Art comes in all forms. You can look at a Rembrandt painting and say his mastery of shadows was the antithesis of the Baroque movement that characterized much of 17th-century Europe. You might scoff at a contemporary art piece that, to you, looks like a coffee spill on some printer paper but, according to the artist, "like, totally captures the spirit of America and stuff."

While we can all objectively say that the coffee-stained paper isn't going to be studied by scholars hundreds of years from now, both of these examples are, technically, art. That's because art isn't defined by its quality but rather by the expression of the artist. To quote the American poet Muriel Rukeyser,

"a work of art is one through which the consciousness of the artist is able to give its emotion to anyone who is prepared to receive them. There is no such thing as bad art."

In some senses, Leonardo da Vinci's anatomically correct Vitruvian Man and that giant wang that some infantryman drew in the porta-john in Iraq are more similar than you realize. Not only is a penis central to content of both works — both also fall in line with a given art movement.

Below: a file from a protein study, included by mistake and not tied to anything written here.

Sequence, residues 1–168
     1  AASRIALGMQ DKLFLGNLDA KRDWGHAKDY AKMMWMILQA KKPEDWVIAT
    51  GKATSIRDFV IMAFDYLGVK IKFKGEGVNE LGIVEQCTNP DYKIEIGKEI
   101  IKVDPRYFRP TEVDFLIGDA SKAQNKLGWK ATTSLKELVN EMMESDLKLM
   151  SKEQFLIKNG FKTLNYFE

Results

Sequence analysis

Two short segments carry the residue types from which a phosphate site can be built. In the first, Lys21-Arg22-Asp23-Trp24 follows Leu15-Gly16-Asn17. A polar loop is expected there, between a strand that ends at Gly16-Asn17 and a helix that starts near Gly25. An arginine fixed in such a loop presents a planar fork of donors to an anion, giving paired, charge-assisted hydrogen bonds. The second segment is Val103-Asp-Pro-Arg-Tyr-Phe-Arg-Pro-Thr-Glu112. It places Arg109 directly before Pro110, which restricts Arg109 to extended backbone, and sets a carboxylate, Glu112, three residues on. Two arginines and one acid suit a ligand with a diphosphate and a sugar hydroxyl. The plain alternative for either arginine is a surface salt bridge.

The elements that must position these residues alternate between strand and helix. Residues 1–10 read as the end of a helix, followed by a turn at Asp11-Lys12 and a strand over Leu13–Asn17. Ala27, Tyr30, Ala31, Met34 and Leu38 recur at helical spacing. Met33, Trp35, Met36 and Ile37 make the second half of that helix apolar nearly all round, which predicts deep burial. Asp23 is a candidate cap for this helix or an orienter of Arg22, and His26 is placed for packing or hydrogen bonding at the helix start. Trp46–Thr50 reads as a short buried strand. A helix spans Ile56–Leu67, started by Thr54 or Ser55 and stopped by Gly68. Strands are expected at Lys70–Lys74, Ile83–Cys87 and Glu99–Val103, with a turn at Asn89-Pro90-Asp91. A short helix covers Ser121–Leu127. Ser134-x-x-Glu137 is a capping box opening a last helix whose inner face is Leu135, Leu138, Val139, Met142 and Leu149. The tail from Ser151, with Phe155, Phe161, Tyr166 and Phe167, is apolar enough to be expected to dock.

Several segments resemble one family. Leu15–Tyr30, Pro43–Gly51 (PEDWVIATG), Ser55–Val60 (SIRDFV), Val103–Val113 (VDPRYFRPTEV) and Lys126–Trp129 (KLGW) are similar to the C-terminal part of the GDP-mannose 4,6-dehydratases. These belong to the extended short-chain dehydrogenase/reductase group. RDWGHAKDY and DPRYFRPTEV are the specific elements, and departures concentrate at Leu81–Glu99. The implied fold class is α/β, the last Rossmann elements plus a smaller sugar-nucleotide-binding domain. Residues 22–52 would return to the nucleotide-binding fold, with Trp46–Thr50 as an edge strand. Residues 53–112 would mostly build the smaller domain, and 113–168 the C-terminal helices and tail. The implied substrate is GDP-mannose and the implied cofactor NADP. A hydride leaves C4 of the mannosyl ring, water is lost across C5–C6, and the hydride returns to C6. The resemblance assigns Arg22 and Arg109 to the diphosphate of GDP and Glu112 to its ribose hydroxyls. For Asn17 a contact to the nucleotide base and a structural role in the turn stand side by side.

Keep reading... Show less
Articles

This band hires vets — especially when they go on tour

As veterans re-enter the civilian workforce, many struggle to make the transition. This is why opportunities (ahem — touring with famous heavy metal bands) for employment are so important. Five Finger Death Punch has made it a mission to offer such opportunities.

Keep reading... Show less

5 important rules to remember while handling a detainee

When allied forces man the front lines, it's fairly common to come in contact with local nationals that live in the area. Although the majority of the people you'll encounter out there want nothing to do with international politics, those who are fighting against you will find it easy to blend into their surroundings, remaining undetected. Our nation's enemies don't wear a standardized uniform, making them incredibly tough to safely identify and detain.

For the most part, all residents are treated as innocent bystanders — until they give troops a reason suspect otherwise. When ground forces encounter a threat among the local population, troops must take every precaution in order to maintain safety for all — the threat of explosive attack is constant.